Giving History The Finger

, , , , , , | Friendly | December 19, 2019

(My parents are visiting the nation’s capitol and I live nearby, so I meet up with them to tour the Smithsonian Museum of American History. At one of the exhibits is a statue of a colonial period woman holding her arm bent upwards with her palm facing towards her and her index finger pointing upwards. My dad and I are near this exhibit, as are a couple of girls who look to be around 14 or 15.)

Me: *jokingly to my dad* “Oh look, back then they used to flip each other off with this finger.”

Teenage Girl: *seriously* “Wow, really?”

Me: “No, that’s a joke.”

Teenage Girl: “Oh.”

Dad & Me: *silently cracking up as we walk away*

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One More Thing The Nazis Ruined

, , , , , | Related | November 21, 2019

(My parents are from India. My uncle is visiting and my mom is talking to him about a trip she took recently to the West Coast.)

Mom: “In the city, it was very segregated, you know! I stayed in the Chinese section, and everything was covered in Chinese lanterns and letters and all and the people were Chinese, and then I went to the Jewish section and everyone was wearing the black caps and the buildings all had Jewish symbols–”

Aunt: “Jewish symbols?”

Uncle: “Ah, like the blue star or the Swastika or something.”

Mom: “No! Not the Swastika! That is the symbol of the Nazis.”

Uncle: “Oh! See, I knew the westerners had corrupted that symbol and I knew that it was associated with the Jew.”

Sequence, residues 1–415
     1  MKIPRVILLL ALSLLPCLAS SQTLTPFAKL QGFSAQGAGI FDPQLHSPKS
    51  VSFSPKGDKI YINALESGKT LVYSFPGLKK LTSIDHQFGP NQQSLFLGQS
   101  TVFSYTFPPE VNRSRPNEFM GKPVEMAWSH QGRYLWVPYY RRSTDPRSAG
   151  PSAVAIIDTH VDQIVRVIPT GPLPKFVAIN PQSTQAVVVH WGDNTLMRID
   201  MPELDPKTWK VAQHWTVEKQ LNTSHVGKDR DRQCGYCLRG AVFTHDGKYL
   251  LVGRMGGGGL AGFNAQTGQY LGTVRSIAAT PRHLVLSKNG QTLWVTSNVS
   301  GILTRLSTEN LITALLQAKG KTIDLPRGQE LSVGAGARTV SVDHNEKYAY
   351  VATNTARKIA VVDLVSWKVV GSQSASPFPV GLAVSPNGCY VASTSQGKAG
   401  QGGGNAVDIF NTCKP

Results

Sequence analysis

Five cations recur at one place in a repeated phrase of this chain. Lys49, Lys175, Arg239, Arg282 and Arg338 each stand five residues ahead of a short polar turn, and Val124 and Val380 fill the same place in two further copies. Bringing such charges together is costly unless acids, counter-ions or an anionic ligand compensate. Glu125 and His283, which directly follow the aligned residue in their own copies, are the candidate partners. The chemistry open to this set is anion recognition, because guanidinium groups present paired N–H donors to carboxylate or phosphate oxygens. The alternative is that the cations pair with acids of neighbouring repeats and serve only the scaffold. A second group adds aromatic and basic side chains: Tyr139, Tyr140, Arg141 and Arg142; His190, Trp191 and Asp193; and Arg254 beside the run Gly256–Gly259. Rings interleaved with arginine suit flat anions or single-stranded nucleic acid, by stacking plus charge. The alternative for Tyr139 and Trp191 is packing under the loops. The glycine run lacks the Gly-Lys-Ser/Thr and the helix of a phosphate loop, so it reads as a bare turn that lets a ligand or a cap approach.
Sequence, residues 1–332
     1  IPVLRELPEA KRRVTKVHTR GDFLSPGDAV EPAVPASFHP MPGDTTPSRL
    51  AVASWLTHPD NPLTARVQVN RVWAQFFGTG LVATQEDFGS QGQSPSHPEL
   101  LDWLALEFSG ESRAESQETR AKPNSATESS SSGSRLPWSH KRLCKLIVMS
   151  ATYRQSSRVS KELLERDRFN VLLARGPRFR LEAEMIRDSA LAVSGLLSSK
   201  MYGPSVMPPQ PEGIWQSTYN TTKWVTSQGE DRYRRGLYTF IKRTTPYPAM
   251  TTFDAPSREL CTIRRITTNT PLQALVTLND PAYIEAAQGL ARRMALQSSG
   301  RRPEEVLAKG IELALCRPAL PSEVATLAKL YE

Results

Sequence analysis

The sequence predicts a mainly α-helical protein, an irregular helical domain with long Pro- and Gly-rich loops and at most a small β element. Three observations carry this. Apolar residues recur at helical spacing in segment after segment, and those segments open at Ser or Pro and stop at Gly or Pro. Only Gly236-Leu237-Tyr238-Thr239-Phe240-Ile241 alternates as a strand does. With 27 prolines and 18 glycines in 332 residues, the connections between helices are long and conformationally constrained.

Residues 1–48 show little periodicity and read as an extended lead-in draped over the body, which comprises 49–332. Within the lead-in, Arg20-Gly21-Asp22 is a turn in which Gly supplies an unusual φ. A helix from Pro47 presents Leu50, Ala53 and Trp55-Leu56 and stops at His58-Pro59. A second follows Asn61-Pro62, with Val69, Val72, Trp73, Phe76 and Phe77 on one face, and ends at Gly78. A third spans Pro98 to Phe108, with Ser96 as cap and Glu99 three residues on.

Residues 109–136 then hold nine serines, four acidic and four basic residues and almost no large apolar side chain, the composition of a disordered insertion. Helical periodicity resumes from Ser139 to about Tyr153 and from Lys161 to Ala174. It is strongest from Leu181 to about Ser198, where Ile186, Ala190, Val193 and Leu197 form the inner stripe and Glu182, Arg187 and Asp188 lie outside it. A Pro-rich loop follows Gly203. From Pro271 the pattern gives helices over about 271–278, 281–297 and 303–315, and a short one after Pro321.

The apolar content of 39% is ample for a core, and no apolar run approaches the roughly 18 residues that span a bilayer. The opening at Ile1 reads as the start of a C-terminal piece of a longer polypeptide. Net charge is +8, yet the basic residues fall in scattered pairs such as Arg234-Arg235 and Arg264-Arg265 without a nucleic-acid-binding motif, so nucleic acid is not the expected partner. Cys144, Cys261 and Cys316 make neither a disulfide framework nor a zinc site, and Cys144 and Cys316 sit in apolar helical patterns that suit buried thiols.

(To be fair, there are many Indians who wish the Allies should have lost the war because they know much more about the Bengal famine happening to Bengalis in India and other British atrocities in India than they know about the Holocaust happening to some faraway religion in some faraway place. However, my uncle represents the European and African foreign relations for his company that purchases and sells to people in Europe and Africa, making me wonder how many deals he’s lost in the past due to Nazis.)

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Cinco De Nono 

, , , , , | Right | November 20, 2019

(On Cinco de Mayo, we naturally receive a lot of customers; mysteriously, most of them tend to be obviously not of Hispanic descent. This occurs about two hours into what turns out to be a six-hour constant string of customers, what we term a “rush.” A customer rolls into the drive-thru and the order proceeds normally. At the end, she wishes me a happy Cinco de Mayo. I am not Hispanic but I politely respond as that is what is expected. The next occurs when we finally manage to get them to the window after everyone in front of them has gotten their food.)

Me: “Hello, your total is—”

Customer: *handing over money* “Happy Cinco de Mayo. You didn’t respond like you should.”

(I give back change and ask if they want sauce.)  

Me: “Ma’am, Cinco de Mayo is a Mexican Holiday; all my ancestors are European. I honestly have no reason to celebrate it.”

Customer: “But you should! I mean, it was important to the outcome of the American Civil War!”

(My face is very screwed up as history has always been something I love.)

Me: “Ma’am, Cinco de Mayo was just the date of an important battle in the Mexican war for independence.”

Customer: “Yeah, it helped win the battle of Gettysburg.”

Me: “No, ma’am, it did not.”